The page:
Peanut butter is a very popular and versatile food used in everything from sandwiches to dessert recipes to stir-fries and dressings. But is peanut butter actually good for you? And should you avoid it completely, or is it okay sometimes?
The answer is a little more complicated than “yes” or “no,” so below we’ll cover what you need to know about peanut butter and your health.
IS PEANUT BUTTER GOOD FOR YOU? HERE ARE THE FACTS
First, let’s look at how peanut butter stacks up in the nutrition department. A two tablespoon serving of peanut butter, without any added sugars, contains about:
- 16 grams of fat
- 8 grams of protein
- 2 grams of fiber
- 5 grams of net carbs
Overall, the macros aren’t bad. But there’s more to consider here. Let’s look at some other concerns about whether or not peanut butter is good for you.
1. PEANUTS AREN’T WHAT THEY SEEM
Despite their name, peanuts are not actually nuts at all! They’re categorized as legumes, putting them in the same family as soybeans, peas, and lentils.
Legumes are normally avoided on the Keto Zone Diet because they’re too high in carbs. However, the high-fat and fairy-low-carb nature of peanuts and peanut butter makes it an exception. This is why peanut butter is sometimes used in keto foods like fat bombs and keto smoothies.
Still, peanuts are higher in carbs than true nuts, so they should be eaten in moderation.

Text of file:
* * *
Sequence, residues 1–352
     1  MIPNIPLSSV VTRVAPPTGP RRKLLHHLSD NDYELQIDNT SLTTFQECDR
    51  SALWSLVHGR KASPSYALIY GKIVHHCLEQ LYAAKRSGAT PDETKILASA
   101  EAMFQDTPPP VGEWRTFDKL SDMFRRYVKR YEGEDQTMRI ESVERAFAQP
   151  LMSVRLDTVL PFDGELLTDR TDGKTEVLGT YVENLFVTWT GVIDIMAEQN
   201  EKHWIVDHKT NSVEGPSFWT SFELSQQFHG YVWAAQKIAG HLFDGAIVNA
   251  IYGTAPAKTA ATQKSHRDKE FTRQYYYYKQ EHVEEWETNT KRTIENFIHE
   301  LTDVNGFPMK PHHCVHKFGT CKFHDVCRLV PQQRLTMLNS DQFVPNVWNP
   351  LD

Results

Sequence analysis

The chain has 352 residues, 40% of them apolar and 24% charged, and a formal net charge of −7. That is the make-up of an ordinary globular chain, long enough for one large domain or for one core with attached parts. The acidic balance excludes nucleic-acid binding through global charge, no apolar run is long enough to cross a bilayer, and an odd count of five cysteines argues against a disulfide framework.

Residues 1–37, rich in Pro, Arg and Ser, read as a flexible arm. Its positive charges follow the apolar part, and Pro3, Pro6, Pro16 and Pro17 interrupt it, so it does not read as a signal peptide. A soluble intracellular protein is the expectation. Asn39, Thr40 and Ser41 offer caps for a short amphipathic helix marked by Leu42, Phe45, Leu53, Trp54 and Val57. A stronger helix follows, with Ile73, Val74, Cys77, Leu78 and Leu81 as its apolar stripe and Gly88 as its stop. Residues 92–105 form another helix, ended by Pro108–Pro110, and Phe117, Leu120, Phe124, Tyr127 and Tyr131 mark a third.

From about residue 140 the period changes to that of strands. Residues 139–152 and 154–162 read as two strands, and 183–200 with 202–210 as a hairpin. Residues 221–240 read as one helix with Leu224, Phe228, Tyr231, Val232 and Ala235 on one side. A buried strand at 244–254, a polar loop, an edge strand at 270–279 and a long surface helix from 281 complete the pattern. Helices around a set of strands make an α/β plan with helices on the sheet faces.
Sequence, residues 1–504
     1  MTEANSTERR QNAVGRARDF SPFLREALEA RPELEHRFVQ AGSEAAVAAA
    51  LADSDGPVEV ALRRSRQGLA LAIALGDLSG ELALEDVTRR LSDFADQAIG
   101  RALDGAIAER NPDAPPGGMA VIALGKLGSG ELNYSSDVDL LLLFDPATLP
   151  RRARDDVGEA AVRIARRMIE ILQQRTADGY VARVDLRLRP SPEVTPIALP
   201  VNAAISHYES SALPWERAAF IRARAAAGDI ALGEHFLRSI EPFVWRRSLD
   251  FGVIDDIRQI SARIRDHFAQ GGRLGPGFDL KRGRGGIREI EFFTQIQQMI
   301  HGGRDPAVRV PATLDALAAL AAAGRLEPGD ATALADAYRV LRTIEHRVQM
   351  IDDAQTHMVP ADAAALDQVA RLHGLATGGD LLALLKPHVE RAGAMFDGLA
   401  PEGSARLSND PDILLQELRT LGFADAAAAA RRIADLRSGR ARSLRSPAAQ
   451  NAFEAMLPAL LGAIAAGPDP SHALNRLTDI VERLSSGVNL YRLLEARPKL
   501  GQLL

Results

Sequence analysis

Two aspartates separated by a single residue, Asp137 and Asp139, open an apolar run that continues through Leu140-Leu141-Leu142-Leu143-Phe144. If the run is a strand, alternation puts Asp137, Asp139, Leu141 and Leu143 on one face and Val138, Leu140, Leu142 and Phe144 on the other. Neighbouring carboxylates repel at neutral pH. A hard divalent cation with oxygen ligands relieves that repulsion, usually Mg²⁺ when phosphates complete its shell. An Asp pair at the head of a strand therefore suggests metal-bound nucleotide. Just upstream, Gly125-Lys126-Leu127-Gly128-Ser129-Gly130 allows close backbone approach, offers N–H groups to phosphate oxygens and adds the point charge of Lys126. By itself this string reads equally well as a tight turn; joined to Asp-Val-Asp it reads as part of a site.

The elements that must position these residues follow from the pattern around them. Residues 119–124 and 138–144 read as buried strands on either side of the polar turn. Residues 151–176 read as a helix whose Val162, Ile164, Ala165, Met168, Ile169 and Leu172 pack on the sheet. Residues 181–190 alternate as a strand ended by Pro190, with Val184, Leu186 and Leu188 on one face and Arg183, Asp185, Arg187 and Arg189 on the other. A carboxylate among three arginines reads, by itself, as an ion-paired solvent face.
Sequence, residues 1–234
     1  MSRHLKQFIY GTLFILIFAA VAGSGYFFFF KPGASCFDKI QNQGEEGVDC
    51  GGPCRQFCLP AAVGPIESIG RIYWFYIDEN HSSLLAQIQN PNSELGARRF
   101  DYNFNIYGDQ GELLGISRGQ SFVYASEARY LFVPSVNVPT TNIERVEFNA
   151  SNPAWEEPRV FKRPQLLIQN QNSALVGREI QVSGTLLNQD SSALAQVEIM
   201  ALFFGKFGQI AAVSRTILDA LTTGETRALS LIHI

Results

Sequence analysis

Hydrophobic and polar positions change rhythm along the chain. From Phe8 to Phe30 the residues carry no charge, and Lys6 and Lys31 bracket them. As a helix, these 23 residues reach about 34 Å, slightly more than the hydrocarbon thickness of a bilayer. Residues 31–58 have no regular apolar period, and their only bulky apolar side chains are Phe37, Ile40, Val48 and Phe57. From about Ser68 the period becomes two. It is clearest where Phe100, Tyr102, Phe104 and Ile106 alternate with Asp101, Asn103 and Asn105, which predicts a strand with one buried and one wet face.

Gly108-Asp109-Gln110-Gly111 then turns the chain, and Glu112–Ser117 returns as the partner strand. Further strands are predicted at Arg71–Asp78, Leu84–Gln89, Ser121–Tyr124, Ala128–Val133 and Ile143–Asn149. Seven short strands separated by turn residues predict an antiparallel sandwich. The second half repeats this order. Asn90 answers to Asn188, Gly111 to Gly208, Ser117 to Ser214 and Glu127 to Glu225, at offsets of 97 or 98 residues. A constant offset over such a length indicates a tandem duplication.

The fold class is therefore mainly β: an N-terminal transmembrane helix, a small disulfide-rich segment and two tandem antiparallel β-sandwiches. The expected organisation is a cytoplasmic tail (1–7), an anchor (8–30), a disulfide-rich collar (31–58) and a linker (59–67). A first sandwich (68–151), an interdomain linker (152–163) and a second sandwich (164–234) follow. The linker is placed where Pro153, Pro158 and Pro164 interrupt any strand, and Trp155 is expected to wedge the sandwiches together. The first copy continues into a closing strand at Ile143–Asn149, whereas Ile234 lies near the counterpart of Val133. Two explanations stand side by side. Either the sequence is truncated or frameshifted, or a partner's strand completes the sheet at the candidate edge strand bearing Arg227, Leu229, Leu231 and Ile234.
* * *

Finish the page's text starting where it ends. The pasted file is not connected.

2. PEANUT BUTTER’S FATTY ACID RATIO ISN’T BEST
Peanuts are a good source of healthy monounsaturated fats. However, they contain way more omega-6 fatty acids compared to omega-3 fatty acids. Considering our omega-6 to -3 ratio should be around 2:1, this can make your intake unbalanced.
And too many omega-6s without omega-3s can be a contributor to inflammation in the body.
3. PEANUT BUTTER MAY CONTAIN AFLATOXIN
This is the biggest reason to be wary of peanuts.
Peanuts are often stored in warm and humid environments before being processed and packaged for consumption. During this time, they can be accompanied by the fungi Aspergillus parasiticus and Aspergillus flavus.
Thankfully crops are tested for aflatoxin, and there haven’t been any human liver cancer outbreaks linked to peanut butter consumption. However, since long-term data is not currently available on this, it’s probably still best to proceed with caution.
HOW TO CHOOSE PEANUT BUTTER THAT’S BETTER FOR YOU
The best way to eat peanut butter is by eating a high-quality variety with a low risk of aflatoxin. The problem is, this is almost impossible to fully regulate.
That being said, if you buy organic and feel good eating peanuts, they can be okay in moderation. And here are some tips for minimizing your mold toxin exposure:
- Stick with commercial brands over peanut butter that’s freshly ground at the store. The latter may sit around longer before processing and be more susceptible to mold.
- If you do buy freshly ground peanut butter without added salt, refrigerate it as soon as possibleto slow rancidity.
- Always inspect your nuts and nut butter closely and throw out anything that looks discolored, shriveled, or moldy.
- And if you’re eating keto, just make sure it fits within your 20 grams of carbs or less per day. And avoid added sugars, artificial flavors, or hydrogenated oils.
And for better choices, choose true nuts like almond butter, cashew butter, walnut butter, pecan butter, or macadamia nut butter over peanut butter. They don’t run the same risks as peanut butter and have much better nutrition and omega-6 to omega-3 profiles. (And keep in mind that even these should be used in moderation if you’re keeping carbs low.)
So, is peanut butter good for you? It does have some health benefits and can fit within a healthy diet, but it’s not the best choice and comes with some risks. So if you do have it, use in moderation and alternate with other low-carb nuts often.